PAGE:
In Memory of





Obituary for Shelda Jonell Clarke Breedlove

Shelda Jonell Clarke Breedlove was called to the Kingdom and received her Heavenly crown December 2, 2022. She was welcomed with divine celebration and rejoicing as her work here was done.
On March 8, 1952 the world was blessed by the birth of a sweet, sweet spirit in Bessemer, AL. Shelda loved the color pink, in all it’s feminine hues, and she loved flowers. As was her way, she would often gift flowers generously to others throughout her life. As a child, she often picked wildflowers in South Bessemer and gave the blossoms to parents and grandparents along her path while walking.
She attended Charles F. Hard Elementary School and J.S. Abrams High School where she excelled. Shelda was outgoing, vivacious, and so kind; always trying to right wrongs and heal the wounded in her own ways. It was only natural that she became a nurse. She attended nursing programs in Bessemer, AL and Birmingham, AL where she received academic honors. In 1971, she and her husband Mack Edward George welcomed their daughter Twyla, and loved her. Yet, it was pure selflessness, love, wisdom, and divine intervention that saw Twyla happily with Eva L. and Louis S. Clarke as another child for them to love, but chosen.
Shelda was a vessel of compassion and empathy. There never was, nor will be anyone just like her. She would cry with you, and make you laugh in the same conversation. She was referred to by many names, most notably “Nell”, but also with special affect “Sharon”, “Boot”, and “Jo”. In recent years she’d been called “grandma” and “fairy godmother”. Shelda was always happy because she lived freely, and without restraint. Her life of service included working for and supporting the indigent. She opened her homes to the unhoused. And in stark contrast, she also worked as a private nurse and cared for some of the wealthiest families in the Southeast. Her joy was making others happy. Her strength was in giving her best to everyone regardless of their financial or social circumstances. She effortlessly made people feel seen, understood, and cared for. She lived her life passionately, full of loves, and amazing joys. She married twice more; both men preceded her in death.
She was a big shopper and, as a nurse, she worked multiple jobs to afford a lifestyle she’d dreamed of for Twyla and to lavish her with the best. Her love for flowers remained. Not to collect, but to give. For Eva, she purchased beautiful lilies every Easter, red poinsettias for Christmas, and lush colorful roses, magnolias, gardenias, tulips, and exotics regardless of the season or occasion, just to say “Mama, I love you and I appreciate you”. She very often bought blooming plants, and flowers as expressions of joy, kindness or sympathy for friends, and sometimes for friends of friends, or total strangers. This was her way. To see the need first and soothe it, regardless of circumstance or relationship.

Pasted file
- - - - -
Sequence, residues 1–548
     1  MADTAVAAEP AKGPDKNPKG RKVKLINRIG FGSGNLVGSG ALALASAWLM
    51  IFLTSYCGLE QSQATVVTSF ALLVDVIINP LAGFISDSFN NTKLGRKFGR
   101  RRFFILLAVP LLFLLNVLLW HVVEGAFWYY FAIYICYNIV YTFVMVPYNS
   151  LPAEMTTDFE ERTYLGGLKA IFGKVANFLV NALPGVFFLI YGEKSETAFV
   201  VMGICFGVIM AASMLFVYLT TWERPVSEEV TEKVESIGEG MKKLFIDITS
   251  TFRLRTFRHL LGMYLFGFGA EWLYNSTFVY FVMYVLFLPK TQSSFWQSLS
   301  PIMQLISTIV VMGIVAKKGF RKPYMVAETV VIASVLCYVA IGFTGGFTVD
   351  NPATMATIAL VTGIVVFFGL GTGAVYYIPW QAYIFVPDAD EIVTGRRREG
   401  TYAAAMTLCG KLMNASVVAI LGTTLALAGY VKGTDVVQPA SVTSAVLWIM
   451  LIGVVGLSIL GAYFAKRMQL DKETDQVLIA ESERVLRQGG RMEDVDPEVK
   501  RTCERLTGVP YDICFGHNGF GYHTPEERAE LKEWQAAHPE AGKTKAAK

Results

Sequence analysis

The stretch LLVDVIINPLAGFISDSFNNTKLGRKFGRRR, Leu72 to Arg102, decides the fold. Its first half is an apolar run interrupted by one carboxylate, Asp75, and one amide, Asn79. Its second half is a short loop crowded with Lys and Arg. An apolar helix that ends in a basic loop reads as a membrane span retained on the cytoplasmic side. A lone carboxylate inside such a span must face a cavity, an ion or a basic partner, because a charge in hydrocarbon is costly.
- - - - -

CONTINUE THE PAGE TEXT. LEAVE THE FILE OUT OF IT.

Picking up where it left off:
Some of her most rewarding years were working at University of Alabama at Birmingham Hospital (UAB) helping new babies arrive in the world. In the Labor and Delivery Unit, she often encountered reluctant mothers, teen mothers, new mothers without the support of their families, or caught in abject and cyclical poverty. She would take her paychecks and buy the new mothers, and babies, bundles of items often pretending the gifts were from relatives who had yet to show up. Shelda “Jonell” never outed anyone with her giving. It was done discreetly. She truly gave as if in service of the Lord, and not herself. She would enclose cash in books, or magazines that she would give away and later tell the recipient to turn to the pages with the cash. She routinely gave away her own things of value (including new furniture, new clothes, jewelry, and art). She gave away many things she admired and enjoyed personally. But God always blessed her, prospered her. And HE always, always made a way for her.
Shelda would also care for others in a professional capacity at no cost. She sometimes worked nursing shifts for friends, and gave said friends the pay. She liked “pretty” things but only truly valued what lay inside the hearts of others. Her own heart was more precious than gold. It was this heart that compelled her to intervene and save the life of Cedric. He, a 17 month old patient who had been given less than 10% survival odds, crossed her golden path on a home care nursing case. The hospital doctors had exhausted their efforts. She was in her prime, working, enjoying life, giving to others, shopping, and, thriving. But her heart said do something, and she did. It took great personal sacrifice, an emergency custody placement, and a subsequent adoption. But all is well where there is love. It took surgeries, extensive therapy, and treatments. But God carried him. Now, Cedric is 29 years old and thriving. Shelda’s heart knew no distinction from the daughter she birthed because there was none. She was unconventional in ways, but wise in this. Because she knew there are no such distinctions in heaven.
She was preceded in death by Eva L. Clarke and Louis S. Clarke affectionately and always known to her as “Mama and Daddy”.
Memories of her will forever be deeply cherished by her children Twyla Taylor (Ramon) and Cedric Oden; whose hearts will always hold her near. She was preceded in death by Cetha C. Simmons tenderly referred to as “Bae”. She leaves behind much-loved, close relatives who will miss her: Gwendolyn C. Miller (Cleveland) Rev. Dr. Gregory Louis Clarke (Regina) Sandra S. Holsey, Cindy Dickerson, and Kathy Carter (Jimmy). She leaves behind a host of nieces, nephews, cousins, other relatives, and non-biological “grandchildren” that she collected along her journey.